Is the lumen fidei an infallible document?

I’m just curious about this is the lumen fidei infallible document?

No Papal Encyclical or any other papal document is ever infallible.

Popes may and have taught infallibly within a document as for instance the doctrine on male-only priests in Bl Pope John Paul II’s Apostolic Epistle Ordinatio Sacerdotalis, 1994.

If the Church has not made it clear that it is infallible, then it is not. But, for Catholics, this distinction is completely irrelevant. It is authoritative. Infallibility is totally irrelevant to the Catholic in the pew. It is of interest only to a few Catholic theologians.

What David said. :thumbsup:

Non other than the revered Fr John A Hardon, S.J., wrote concerning the great relevance of infallibility from Christ possessed by the Catholic Church through Her Popes and Ecumenical Councils approved by them, consists in the fact that “In the years to come the Church’s prerogative of teaching the truth and teaching it infallibly will be seen as one of God’s greatest gifts to modern man.

“…the whole human race benefits from the continued presence of Christ, who is the Truth, teaching truth through His Church, and thus leading mankind back to God from whom it came and from whom it was made.” How Infallible Is the Teaching Church? In The Teaching Church in Our Time, Daughters of St Paul, 1978, p 119-120].

The key is if there is some definitive judgment as to a truth of faith or morality. Does the Pope in that document lay down definitively the law of belief, so to speak, for the whole Church? I don’t think so, so it would not be considered strictly infallible based on papal authority. The point of this particular encyclical seems to be an aid to help us understand and apply “the law of belief” with respect to Catholic dogma about the theological virtue of faith, rather than a definitive judgment as to what that law of belief is (in fact, it explicitly presumes the law of belief already laid down definitively by the First Vatican Council). We would all, however, be bound to make a sincere attempt to assent to it and apply it with the proper respect for the teaching authority of the Pope.

I hate answering a question with another question, but I can’t help not fall into this temptation.

Why is it that lay people are so concerned with whether a word, a document, a sermon or anything that the Church says is infallible or not?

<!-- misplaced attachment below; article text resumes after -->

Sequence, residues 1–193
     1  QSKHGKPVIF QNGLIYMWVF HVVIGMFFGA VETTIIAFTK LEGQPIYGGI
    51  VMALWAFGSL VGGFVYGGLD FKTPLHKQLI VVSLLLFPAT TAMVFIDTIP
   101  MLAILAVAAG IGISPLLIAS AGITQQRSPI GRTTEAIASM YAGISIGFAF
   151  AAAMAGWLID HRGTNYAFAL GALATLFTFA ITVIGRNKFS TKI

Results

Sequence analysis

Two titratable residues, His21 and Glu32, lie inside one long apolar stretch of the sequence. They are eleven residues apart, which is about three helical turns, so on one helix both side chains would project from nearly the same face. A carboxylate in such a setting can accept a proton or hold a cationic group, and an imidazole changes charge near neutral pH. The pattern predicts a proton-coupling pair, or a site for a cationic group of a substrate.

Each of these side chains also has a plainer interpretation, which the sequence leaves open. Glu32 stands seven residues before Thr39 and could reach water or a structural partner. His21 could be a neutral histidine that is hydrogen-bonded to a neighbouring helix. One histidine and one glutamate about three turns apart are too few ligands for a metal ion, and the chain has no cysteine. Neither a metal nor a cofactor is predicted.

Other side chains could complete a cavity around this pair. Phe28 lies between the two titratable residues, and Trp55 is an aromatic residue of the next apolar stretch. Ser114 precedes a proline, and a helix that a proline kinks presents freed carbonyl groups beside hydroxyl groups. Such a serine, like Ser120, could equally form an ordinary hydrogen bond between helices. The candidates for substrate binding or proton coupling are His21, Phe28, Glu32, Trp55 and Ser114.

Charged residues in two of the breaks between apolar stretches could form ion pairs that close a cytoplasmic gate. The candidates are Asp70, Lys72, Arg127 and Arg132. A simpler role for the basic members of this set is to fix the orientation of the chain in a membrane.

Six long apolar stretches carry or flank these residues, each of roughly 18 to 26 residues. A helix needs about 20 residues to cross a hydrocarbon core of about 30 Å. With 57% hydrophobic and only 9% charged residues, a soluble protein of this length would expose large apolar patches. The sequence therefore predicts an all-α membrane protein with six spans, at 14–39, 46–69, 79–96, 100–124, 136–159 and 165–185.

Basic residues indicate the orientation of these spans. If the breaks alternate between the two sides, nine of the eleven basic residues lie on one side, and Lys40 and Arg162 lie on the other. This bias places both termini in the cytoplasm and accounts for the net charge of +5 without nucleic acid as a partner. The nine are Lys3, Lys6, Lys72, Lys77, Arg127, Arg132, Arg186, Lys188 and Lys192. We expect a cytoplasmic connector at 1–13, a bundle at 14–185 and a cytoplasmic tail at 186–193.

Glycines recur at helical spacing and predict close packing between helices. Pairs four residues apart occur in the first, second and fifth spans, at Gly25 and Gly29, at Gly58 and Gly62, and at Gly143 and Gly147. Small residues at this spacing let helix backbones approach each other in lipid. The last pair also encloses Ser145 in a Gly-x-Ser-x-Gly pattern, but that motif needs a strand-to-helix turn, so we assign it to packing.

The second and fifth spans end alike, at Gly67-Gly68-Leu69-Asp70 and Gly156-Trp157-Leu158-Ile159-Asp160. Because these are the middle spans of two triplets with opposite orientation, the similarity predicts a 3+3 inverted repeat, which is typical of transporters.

We don’t do this with civil government. When the law says that you must file your 1040 by April 15, everyone jumps and gets it done or pays a fine. No one sits around asking is this right or wrong? Can I find a loophole so I can file on April 16? At least not many people do. There are probably some who do.

No document coming from the pope can teach doctrinal or moral error. In that regard, anything in the document about faith or about morals in truth.

We look for the truths in the document. Those are always infallible.

I worded that poorly. What I should have said is that we cannot consider it to be de Fide (of the Faith, irreformable - ie, infallible) until the Church tells us so. The Church could, at any time, recognize any teaching as infallible, including this one. Such an action, however, is VERY rare. The Church only recognizes a teaching in this manner if She feels there is a practical need for doing so. This happened fairly recently, when John Paul the Great declared the infallible nature of the teaching that the Church has no authority to ordain women. I’m pretty sure this is the only such example that has occurred in my lifetime (approaching a half-century). And the teaching itself did not come from the Pope, but from the Ordinary Magesterium (the Bishops). JPtG only made it clear that the teaching is infallible.

But, for Catholics, this distinction is completely irrelevant. It is authoritative. Infallibility is totally irrelevant to the Catholic in the pew. It is of interest only to a few Catholic theologians.

I did not word that poorly. Infallibility means nothing to the guy in the pew. There is no reason why most laypeople should care one way or another.

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